DMK lesson 2-6-15 Melody and Harmony

melody and harmony

Today we started music time singing “‘A’ You’re Adorable” to a recording by Maria Muldaur (Swingin’ in the Rain, 1998). The children had already been taught this song, and I told them it’s a song I love to sing around Valentine’s Day. During the instrumental interlude, we danced in our places. (We have adapted our dancing moves to accommodate a child with a physical disability, which works out well for everyone!) Once we sang it, I played the beginning of the song again and had them listen to the different parts of the song. Before the singing ever begins, what did they hear? Which instruments besides the voice could they hear? (clarinet? oboe? piano? guitar? drums?)

I wrote the words “melody” and “harmony” on the board. (Can you believe there are actually two girls in my class this year, each with one of the names, respectively?! How serendipitous!)

I explained that the notes we sang in the song is the melody and the other music that the instruments were playing was the harmony. I had them echo me after I explained the definitions again: “Melody is the notes we sing” (repeated). “Harmony is the other notes we hear that sound good with the melody” (repeated).

I also wrote the word “accompaniment” on the board under “harmony” and said that we sometimes call the harmony that other instruments play “accompaniment.”

Hot Cross Buns

I pulled out a piece of sheet music (Song Garden©-style) for “Hot Cross Buns” and showed it to the students.  I told the children that a “bun” is another name for a roll, and the cross means the mark on the top of the roll (I drew a little circle with a cross on the top, like a roll.) (See recipe and photo here.) I said that a long time ago, in England, for example, there were street sellers trying to sell what the had on their cart (or in a basket). I said that they might be calling out, “Hot Cross Buns” to people who were on the street on a cold day. “Can you imagine eating a delicious, hot, fresh roll with melting butter on it? Let’s pretend!” (And we pretended to take a bite and savor it for a second.)

I then played for them the beginning part of “Who will buy?” from Oliver!, stopping after each singer sang out what they were selling (“Who will buy my sweet, red roses, two blooms for a penny?”) (lyrics here) and asked what the person was selling (roses, milk, strawberries, etc.), I asked them which one did they think was the melody and which voices were the harmony. They decided the roses were melody, so I drew a rose next to the word, and that strawberries was harmony, so I drew a rose next to that. (I didn’t play the whole song for them because of time. I wish I had shown a video clip instead of using an audio clip, though. I would see if I could find one without dubbing, as this one has. This just shows which one. It’s also too long to show the whole beginning.)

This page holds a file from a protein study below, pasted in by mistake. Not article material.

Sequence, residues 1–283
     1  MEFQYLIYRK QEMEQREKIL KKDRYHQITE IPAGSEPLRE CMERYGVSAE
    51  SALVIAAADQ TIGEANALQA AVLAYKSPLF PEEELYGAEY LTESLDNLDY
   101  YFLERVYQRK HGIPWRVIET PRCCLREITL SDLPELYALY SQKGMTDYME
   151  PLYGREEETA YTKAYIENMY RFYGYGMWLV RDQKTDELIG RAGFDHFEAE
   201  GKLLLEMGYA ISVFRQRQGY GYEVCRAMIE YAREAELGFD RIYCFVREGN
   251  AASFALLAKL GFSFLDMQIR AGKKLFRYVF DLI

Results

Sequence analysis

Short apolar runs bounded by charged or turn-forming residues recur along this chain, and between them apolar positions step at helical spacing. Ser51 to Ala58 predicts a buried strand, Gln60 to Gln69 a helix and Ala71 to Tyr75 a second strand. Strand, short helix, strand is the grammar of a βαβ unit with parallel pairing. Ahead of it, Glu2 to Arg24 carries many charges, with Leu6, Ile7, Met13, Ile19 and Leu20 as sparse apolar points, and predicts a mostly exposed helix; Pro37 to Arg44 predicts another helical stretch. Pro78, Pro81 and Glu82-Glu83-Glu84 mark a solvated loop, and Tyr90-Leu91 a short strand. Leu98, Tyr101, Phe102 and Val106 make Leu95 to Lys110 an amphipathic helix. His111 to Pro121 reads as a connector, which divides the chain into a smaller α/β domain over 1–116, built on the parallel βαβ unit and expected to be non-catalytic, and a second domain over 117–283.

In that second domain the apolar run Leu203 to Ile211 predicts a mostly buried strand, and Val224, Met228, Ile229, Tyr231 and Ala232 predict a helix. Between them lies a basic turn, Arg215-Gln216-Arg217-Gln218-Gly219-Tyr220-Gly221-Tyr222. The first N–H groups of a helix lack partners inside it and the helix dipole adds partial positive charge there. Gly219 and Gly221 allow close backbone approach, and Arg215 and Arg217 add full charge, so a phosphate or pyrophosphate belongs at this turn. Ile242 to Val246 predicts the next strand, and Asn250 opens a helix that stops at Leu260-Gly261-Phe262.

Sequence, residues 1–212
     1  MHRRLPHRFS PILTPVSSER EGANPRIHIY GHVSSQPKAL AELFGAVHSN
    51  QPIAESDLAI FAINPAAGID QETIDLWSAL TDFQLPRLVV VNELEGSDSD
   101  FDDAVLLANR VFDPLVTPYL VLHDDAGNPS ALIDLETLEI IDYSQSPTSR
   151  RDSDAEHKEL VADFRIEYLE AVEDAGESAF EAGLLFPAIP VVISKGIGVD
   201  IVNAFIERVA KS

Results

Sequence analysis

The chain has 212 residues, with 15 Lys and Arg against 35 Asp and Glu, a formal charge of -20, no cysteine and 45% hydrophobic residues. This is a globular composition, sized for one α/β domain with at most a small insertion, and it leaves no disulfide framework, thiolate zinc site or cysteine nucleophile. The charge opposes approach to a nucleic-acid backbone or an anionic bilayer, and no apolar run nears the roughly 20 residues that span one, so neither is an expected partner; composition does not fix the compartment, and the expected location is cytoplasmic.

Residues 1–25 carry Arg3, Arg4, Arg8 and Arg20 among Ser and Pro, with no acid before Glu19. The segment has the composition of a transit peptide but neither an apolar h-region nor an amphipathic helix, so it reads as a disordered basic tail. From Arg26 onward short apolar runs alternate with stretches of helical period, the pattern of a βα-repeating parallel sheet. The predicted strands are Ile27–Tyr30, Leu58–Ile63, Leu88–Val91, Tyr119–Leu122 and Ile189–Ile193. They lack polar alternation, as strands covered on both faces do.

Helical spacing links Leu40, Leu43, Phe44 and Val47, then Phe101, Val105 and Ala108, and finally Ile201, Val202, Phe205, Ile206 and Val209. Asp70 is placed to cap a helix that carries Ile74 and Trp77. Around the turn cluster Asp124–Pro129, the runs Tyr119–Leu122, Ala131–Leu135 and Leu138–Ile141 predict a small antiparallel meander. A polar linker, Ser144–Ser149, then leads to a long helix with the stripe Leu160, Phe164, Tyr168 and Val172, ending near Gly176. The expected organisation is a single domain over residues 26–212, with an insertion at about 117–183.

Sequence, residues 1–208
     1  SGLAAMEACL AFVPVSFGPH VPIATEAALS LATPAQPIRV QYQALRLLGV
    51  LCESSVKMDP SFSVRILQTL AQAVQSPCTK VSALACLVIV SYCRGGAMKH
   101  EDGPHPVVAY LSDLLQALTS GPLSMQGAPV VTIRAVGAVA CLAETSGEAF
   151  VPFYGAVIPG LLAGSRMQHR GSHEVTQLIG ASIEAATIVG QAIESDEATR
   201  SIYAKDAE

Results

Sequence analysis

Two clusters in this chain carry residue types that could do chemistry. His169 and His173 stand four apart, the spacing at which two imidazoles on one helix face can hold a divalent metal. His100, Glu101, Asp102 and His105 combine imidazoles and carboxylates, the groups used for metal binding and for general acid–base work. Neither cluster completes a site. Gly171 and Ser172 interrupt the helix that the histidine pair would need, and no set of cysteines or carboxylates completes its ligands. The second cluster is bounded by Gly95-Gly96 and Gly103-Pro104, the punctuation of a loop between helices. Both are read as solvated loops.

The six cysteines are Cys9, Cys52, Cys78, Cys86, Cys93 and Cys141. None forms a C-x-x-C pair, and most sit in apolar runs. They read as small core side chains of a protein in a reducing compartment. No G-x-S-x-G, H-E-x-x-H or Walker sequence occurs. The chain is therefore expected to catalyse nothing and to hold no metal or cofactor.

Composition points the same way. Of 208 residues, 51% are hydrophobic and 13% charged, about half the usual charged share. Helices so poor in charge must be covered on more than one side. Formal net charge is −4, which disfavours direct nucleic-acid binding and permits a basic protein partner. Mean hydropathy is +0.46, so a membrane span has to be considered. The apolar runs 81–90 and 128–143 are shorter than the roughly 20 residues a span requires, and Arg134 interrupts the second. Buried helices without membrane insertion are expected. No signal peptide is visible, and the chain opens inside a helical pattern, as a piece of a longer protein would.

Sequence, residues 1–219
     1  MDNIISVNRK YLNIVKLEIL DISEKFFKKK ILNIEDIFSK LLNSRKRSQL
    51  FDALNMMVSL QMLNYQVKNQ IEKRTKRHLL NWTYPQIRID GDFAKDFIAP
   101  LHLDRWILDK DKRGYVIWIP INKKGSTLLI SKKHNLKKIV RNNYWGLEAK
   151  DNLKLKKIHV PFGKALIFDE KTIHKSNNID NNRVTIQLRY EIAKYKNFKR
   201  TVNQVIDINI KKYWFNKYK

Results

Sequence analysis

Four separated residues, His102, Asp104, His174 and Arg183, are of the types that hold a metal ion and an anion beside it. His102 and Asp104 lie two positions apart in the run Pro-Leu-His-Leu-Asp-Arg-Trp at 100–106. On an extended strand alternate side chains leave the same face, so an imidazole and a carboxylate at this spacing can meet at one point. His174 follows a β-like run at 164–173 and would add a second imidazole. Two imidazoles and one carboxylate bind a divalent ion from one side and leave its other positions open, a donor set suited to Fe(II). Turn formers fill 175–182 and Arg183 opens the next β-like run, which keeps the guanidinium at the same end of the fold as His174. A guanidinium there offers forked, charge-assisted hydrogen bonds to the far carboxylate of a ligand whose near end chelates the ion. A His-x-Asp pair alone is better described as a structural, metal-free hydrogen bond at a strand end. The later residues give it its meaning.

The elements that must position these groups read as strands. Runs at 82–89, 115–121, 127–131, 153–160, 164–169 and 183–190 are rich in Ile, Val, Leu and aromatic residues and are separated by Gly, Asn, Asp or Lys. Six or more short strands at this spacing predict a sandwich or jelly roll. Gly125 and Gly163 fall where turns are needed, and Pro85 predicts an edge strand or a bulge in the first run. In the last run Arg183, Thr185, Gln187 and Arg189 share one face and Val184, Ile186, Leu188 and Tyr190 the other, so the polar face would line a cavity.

After explaining about street sellers, I asked the classroom teacher “to be our metronome,” and I sang “Hot Cross Buns” for them once. I held up my right hand (left hand was holding the song) and held up a finger for each count. If a song was 2 counts, I held up my pointer finger and did a quick review of note values/rhythm. I pointed to the smallest notes and said, “Remember how the smaller notes are the shortest ones? They only get 1 beat.” Then I pointed to the medium-sized dots. “Are these longer or shorter?” (Longer). “That’s right!” I said. “How many beats do these notes get?” (Two!) Then pointed to the largest dots. How many beats do these notes get?” (Four!).

Then I played it once for them on the bells. “That was the melody.” I told them, and then asked, “Which note do you think might sound good as harmony to go with this melody?” A child who raised his hand suggested “La.” So I asked the classroom teacher to play the melody on her set of bells, and I played “la” along with her, on each note. Then I asked for the teacher to suggest a note. She chose “sol.” So we played it again.

Then I sent the children to get their bells (the “Queen of the Jungle” for the day dismissed the children row by row), and after they got back, I played my “Put your mallet on your ear” game until nearly everyone was ready to play.

When we were ready, we played “Hot Cross Buns” several times at a very slow tempo. “Hover above mi,” I told them each time before we began.

Then I divided the class in half (pointed out which half would play with their teacher) and told the other half of the class they would play sol as melody with me. After one time through, we swapped, and my group played melody.

Then it was time to our sing good-bye song! I told the children after the song to think of words and notes that they would like to use in a Valentine song that we will write for their parents next week. The Queen of the Jungle invited rows to go put their bells away.